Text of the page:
About 65 percent of calorie intake was consumed from at-home food in 2011-12, a decline from about 80 percent in 1977-78.

WASHINGTON — For decades, the federal government conducted national dietary surveys in order to track Americans’ food and nutrient intake and where Americans get their food. However, technological differences in the methods of conducting these surveys made long-term analysis of trends difficult.

Federal dietary surveys conducted from 1977-2012 asked whether or not food was eaten at home and where the food was acquired. The food source coding changed over time, but for the most part the sources remained consistent, including: at-home food (supermarkets, small grocery stores, or other retailers) or food-away-from-home (FAFH). Subcategories of FAFH include full-service restaurants with wait staff, fast-food establishments without wait staff, school or day care meals, and a catchall “other” subcategory including vending machines and other miscellaneous sources. This consistency in the classification of food sources has allowed researchers to link the surveys and more accurately look at eating trends, according to a June 6 article on Amber Waves, an online publication of the Economic Research Service (ERS) of the US Dept. of Agriculture.

Researchers at the ERS and the Univ. of Georgia recoded the food sources of the dietary surveys between 1977 and 2012 to be consistent. By linking the surveys and providing consistent FAFH definitions, the researchers were able to consolidate the data and analyze the changing long-term trends of where consumers of different ages and income-levels acquire their foods. The results of the analysis may help improve targeting subpopulations that require greater nutrition education and policy focus.

Fast Food  
Across both high and low income groups, fast-food was the leading source of FAFH calories. 
The approximately 30-year period of analysis showed a consistent decline in home-prepared food. About 65 percent of calorie intake was consumed from at-home food in 2011-12, a decline from about 80 percent in 1977-78. From 1977 to 2006, the share of calories from FAFH rose to 33.8 percent from 17.8 percent. The share of calories from fast-food establishments also increased to 15.6 percent from 5.6 percent in that time. During the 2007-2010 recession, calories obtained from FAFH dipped briefly to 29.7 percent, with a parallel drop in fast-food establishments to 13.2 percent. The data show that the recession was a time when Americans economized by spending less on FAFH as a whole, preferring the cheaper at-home option rather than just shifting to lower cost FAFH options. By 2011-12, however, calorie intake from FAFH and fast-food sources rebounded to 34 percent and 15.8 percent, respectively, according to the report.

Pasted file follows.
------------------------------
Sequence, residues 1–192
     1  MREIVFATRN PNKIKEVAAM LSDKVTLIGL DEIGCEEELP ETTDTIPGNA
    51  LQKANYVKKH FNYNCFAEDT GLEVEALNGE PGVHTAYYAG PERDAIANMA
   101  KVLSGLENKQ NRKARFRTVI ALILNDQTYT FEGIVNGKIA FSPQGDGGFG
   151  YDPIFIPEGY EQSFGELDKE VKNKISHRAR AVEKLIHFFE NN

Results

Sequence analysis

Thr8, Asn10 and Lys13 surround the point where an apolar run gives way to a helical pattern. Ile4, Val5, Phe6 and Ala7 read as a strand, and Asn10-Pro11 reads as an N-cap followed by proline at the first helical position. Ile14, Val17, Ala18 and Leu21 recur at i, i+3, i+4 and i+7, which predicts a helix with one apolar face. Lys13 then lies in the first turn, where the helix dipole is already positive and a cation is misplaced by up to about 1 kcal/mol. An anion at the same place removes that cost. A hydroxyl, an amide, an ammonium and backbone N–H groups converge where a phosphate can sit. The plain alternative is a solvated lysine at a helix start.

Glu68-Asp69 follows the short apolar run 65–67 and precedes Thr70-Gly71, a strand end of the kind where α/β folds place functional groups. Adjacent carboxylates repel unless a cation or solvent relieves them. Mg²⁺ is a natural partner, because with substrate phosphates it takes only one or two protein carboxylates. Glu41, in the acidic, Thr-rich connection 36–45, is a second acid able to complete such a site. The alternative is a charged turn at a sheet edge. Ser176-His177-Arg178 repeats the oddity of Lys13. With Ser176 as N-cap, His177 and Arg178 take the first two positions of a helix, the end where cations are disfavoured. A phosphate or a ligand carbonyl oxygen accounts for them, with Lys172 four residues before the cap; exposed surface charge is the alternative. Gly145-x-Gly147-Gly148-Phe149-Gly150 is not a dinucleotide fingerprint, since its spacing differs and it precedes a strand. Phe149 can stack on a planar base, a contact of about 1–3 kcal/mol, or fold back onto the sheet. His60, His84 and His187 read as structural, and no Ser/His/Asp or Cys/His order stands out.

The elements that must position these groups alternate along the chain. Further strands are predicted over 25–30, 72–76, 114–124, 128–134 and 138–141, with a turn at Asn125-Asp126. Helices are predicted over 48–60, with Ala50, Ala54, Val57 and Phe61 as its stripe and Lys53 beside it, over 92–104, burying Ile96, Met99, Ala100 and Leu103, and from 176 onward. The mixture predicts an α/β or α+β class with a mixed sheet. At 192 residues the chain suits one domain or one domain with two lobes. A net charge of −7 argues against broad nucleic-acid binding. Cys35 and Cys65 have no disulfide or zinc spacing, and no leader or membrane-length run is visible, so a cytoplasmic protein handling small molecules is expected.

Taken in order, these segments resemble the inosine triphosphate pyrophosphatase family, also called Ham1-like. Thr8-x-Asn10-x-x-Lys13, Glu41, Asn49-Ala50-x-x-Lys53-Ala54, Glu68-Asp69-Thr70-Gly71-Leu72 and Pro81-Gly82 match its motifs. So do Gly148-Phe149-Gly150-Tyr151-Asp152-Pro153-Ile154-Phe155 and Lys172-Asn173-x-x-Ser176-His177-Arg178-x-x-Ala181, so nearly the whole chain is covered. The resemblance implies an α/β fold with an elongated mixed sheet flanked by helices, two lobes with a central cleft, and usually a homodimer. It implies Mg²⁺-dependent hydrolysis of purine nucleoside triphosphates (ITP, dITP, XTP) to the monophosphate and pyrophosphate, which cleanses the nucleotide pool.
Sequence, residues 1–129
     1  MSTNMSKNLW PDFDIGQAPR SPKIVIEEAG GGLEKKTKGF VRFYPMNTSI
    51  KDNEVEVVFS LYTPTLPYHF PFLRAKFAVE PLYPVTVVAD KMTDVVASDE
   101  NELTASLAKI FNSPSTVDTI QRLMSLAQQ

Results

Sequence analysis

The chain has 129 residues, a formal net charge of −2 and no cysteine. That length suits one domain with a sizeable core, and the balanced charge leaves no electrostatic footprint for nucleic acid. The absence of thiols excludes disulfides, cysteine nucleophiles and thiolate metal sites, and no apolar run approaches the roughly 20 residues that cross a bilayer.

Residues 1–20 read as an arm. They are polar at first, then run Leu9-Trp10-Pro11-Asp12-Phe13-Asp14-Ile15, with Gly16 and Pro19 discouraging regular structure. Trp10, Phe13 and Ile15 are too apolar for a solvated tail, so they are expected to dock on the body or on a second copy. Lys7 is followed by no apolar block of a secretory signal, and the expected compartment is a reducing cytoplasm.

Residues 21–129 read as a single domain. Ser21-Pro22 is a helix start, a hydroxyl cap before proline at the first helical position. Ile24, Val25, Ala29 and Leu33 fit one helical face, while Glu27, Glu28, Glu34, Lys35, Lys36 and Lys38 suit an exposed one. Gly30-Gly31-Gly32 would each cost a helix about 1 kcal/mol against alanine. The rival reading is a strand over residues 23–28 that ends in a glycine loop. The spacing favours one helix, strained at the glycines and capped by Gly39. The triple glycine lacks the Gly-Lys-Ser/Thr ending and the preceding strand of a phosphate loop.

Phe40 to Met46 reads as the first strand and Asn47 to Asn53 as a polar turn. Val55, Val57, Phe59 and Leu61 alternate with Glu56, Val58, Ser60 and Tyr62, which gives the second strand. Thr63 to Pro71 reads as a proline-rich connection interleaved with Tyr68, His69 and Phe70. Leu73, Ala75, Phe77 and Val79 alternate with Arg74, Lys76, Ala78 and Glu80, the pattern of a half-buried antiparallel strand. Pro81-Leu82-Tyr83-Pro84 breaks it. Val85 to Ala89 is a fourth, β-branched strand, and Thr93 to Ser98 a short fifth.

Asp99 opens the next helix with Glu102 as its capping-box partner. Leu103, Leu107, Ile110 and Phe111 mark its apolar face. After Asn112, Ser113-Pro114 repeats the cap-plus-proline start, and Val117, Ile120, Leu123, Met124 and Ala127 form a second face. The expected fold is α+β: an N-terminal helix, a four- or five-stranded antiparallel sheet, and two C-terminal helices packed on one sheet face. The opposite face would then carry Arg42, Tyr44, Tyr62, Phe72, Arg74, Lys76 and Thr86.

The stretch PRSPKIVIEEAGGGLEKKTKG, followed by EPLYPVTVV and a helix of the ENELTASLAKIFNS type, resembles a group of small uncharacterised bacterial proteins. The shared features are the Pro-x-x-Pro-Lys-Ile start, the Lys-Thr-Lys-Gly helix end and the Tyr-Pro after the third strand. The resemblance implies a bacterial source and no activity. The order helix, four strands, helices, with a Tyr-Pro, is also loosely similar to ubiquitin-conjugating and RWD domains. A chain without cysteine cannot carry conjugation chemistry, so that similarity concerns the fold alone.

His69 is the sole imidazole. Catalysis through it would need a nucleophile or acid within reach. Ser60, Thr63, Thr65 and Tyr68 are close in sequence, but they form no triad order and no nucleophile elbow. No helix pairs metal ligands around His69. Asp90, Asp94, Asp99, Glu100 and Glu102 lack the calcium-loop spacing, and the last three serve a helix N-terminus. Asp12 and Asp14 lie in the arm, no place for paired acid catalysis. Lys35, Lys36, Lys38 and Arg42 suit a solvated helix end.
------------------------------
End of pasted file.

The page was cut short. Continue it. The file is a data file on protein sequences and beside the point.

The researchers also were able to analyze the shifting data based on income levels. Across the entire time period, high income (above 185 percent of the federal poverty level) consumers received higher calorie intake from FAFH. Both high and low income consumers still consistently increased FAFH consumption.
Across both income groups, fast-food was the leading source of FAFH calories throughout the time period. High income consumers had a larger share of calorie intake during a majority of that time period. But in 2009-2010, high income calorie intake from fast-food establishments dropped to about the same as low income consumers. In 2011-2012, low income calorie intake spiked to 16.4 percent from 15.3 percent, slightly higher than that of high income consumers.

Low income children consistently ate more school foods than high income children. 
The growing share of calorie intake from fast-food restaurants is paralleled among children (ages 2-19) compared to school food. In 1977-1978, children received less than 4 percent of daily calorie intake from fast-food sources. In the following years, children’s share of calorie intake from fast-food rose sharply. Intake peaked at 16.5 percent in 2003-2004 and fluctuated in the subsequent years, dipping to 12.6 percent in 2009-2010 and then rising again to 14.3 percent the next year.
In terms of income among children, low income children consistently ate more school foods than high income children, researchers found. This consistency may be attributed to a USDA program allowing children in households with incomes at or below 185 percent to be eligible for either fully subsidized or reduced price school meals. Children in high income households received a greater share of calorie intake than children in low income households until becoming fairly even in 2009-2010.
The analysis of the data by researchers suggests Americans’ shifting preference toward FAFH This change is coupled with Americans’ growing preference of fast-food as a source of FAFH intake.